clock menu more-arrow no yes

Filed under:

One Big Question: Can Martín Pérez build off 2019 changes for a 2020 breakout?

The results have never been good, but there were tangible adjustments last year.

Boston Red Sox Spring Training Workout Photo by Billie Weiss/Boston Red Sox/Getty Images

Welcome to Over the Monster’s One Big Question series. For those unfamiliar, this is something of a season roster preview where over the next 40(ish) (week)days we’ll be taking a look at each player on the 40-man roster prior to the season. If changes are made to the roster between now and Opening Day, we’ll cover the newly added players. Rather than previewing what to expect in a general sense, the goal of this series is to find one singular question — sometimes specific, other times more general — for each player heading into the coming season. We’ll go alphabetically one by one straight down the roster, and you can catch up with the series here. Today, we cover Martín Pérez.

The Question: Does Martín Pérez have a breakout coming in 2020?

The Red Sox have rotation issues, which is not a secret. Everyone knows what starting pitching is what will most likely define this season for the Red Sox, and while there are other issues with the roster it is the most glaring area that has the potential to keep them out of the playoffs. Chris Sale isn’t expected to miss more than a couple starts to begin the year, but while he’s out (and as long as everyone else makes it through camp healthy), Eduardo Rodriguez is the number one starter and *Insert depth arm here* is the number five. In the middle of the rotation is Martín Pérez, which is almost as concerning as the other facts considering his track record as a major-league starter.

The southpaw has been in the league for eight years now and, well, frankly he’s never been all that good. Pérez was a top prospect at the beginning of last decade, but injuries derailed his career early on. He’s been mostly durable since then, making at least 32 appearances in three of the last four years, but he’s also below-average in that time, and significantly so if you believe in a stat like DRA. Despite that, he was apparently a hot commodity this winter with the Rays — who, whatever you think of the way they run their franchise, know their pitching — vying for his services as well. Is there a chance he finally has his breakout as he gets ready to enter his age-29 season?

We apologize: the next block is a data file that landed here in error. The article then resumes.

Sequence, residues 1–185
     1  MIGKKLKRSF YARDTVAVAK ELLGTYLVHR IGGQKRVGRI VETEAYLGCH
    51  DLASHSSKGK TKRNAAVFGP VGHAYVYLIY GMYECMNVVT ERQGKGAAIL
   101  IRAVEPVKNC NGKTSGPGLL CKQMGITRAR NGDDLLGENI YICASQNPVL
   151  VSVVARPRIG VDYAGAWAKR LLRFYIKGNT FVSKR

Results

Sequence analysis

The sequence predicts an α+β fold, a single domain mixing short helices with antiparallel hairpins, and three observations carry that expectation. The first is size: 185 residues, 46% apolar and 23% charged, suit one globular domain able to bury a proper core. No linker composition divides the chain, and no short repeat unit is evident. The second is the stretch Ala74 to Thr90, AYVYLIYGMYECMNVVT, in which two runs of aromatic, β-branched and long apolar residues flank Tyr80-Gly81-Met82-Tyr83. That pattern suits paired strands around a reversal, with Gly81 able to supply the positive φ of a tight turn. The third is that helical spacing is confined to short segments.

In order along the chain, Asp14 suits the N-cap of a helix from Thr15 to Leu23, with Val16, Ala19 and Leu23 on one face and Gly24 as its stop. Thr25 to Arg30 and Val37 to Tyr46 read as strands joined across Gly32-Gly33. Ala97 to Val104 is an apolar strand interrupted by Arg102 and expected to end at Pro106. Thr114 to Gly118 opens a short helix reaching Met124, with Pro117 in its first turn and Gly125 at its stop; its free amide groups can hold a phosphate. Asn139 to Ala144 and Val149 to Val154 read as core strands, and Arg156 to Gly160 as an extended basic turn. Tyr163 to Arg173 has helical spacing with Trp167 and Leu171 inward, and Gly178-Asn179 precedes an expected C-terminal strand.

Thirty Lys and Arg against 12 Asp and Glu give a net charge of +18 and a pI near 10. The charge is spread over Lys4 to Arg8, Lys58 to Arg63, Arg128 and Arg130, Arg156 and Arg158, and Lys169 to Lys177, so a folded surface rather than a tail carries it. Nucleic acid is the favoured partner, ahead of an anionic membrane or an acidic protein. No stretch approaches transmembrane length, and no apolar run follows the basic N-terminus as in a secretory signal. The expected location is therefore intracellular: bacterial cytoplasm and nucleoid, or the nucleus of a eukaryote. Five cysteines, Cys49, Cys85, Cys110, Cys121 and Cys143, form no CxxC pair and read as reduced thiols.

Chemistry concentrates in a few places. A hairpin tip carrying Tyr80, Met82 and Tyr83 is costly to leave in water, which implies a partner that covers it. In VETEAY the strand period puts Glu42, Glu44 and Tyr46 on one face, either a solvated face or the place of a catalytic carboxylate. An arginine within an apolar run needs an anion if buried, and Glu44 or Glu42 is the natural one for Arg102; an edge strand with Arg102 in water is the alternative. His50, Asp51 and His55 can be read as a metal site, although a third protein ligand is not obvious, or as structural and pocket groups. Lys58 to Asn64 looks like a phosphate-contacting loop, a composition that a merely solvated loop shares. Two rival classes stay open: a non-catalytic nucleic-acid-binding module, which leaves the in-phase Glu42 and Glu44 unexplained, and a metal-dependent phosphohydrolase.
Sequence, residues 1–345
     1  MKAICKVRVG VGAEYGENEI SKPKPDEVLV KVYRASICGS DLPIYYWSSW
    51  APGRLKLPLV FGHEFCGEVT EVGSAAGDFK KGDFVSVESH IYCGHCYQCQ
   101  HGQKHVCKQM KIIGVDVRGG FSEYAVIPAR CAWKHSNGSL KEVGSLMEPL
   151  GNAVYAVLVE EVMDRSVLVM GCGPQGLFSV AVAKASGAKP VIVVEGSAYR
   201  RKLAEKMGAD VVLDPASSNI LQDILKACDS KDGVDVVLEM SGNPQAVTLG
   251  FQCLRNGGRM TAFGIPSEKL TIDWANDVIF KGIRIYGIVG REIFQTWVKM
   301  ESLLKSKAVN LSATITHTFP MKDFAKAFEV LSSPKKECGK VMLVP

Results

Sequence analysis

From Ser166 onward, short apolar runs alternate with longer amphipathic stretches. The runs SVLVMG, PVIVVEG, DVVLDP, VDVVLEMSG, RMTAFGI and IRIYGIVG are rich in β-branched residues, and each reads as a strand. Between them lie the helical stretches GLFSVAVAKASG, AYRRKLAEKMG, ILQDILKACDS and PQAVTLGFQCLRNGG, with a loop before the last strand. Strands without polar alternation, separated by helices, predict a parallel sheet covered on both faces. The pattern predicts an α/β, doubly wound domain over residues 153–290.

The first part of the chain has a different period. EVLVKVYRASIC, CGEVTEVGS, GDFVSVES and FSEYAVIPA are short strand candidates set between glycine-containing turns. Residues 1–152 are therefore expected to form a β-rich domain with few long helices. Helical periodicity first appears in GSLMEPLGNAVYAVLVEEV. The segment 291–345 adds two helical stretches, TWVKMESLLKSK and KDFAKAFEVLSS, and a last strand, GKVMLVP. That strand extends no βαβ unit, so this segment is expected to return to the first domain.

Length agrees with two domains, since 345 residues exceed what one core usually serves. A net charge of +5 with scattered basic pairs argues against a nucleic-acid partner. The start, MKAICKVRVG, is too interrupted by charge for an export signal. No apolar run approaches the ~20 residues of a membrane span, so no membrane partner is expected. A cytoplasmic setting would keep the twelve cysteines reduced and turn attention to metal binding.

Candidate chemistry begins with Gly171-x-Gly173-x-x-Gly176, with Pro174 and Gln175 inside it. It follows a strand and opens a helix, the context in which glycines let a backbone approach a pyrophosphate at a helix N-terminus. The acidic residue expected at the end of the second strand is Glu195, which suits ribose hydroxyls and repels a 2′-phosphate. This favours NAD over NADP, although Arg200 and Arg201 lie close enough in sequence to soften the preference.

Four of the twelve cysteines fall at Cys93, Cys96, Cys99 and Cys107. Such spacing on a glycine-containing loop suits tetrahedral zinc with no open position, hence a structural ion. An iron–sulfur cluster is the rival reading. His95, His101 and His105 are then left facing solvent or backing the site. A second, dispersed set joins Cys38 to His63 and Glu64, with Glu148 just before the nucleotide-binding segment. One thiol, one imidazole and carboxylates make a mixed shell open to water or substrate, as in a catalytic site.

There are three reasons, at least as far as I can tell, to be optimistic about a breakout from Pérez. One of which is just looking at his pedigree, which I mentioned above. He made Baseball America’s top 100 prospects list a whopping five times from 2009 through 2013, making the top 50 once and topping out at number 17. I’m not super convinced by this, though, because the last time he made this list I was still in college. That was a long time ago. The second reason is more convincing, which is that he was once injured by a bull, beat his projected recovery time then killed and ate the bull. That guy is destined for greatness. Perhaps even more convincing than that, and the biggest reason the Red Sox and Rays were likely interested in him, are the tangible adjustments he made in 2019.

The changes revolve around his repertoire. For most of his career, Pérez has been generally a three-pitch guy, leaning mostly on a sinker, a four-seam and a changeup. The lefty also threw some breaking balls in there as well, but not as much as the other three pitches. Then, in 2019, he added a new pitch into the mix with a cutter and threw that more than any other pitch that season. The pitch did well according to Baseball Savant’s numbers, generating a 23 percent whiff rate with a .261 expected wOBA and a .272 actual wOBA.

It wasn’t just the cutter doing the work, either, although it certainly was the catalyst that led to everything. Pérez saw a massive shift in the quality of contact his opponents were able to produce. His average exit velocity dropped by three miles per hour down to 85.4, putting him in the top four percent of the league. Similarly, his hard hit rate fell by almost ten percentage points to 29.7 percent, putting him in the top seven percent of baseball there. That he still pitched to a 5.12 ERA indicates there had to have been some bad luck and he’s due for a turnaround, right?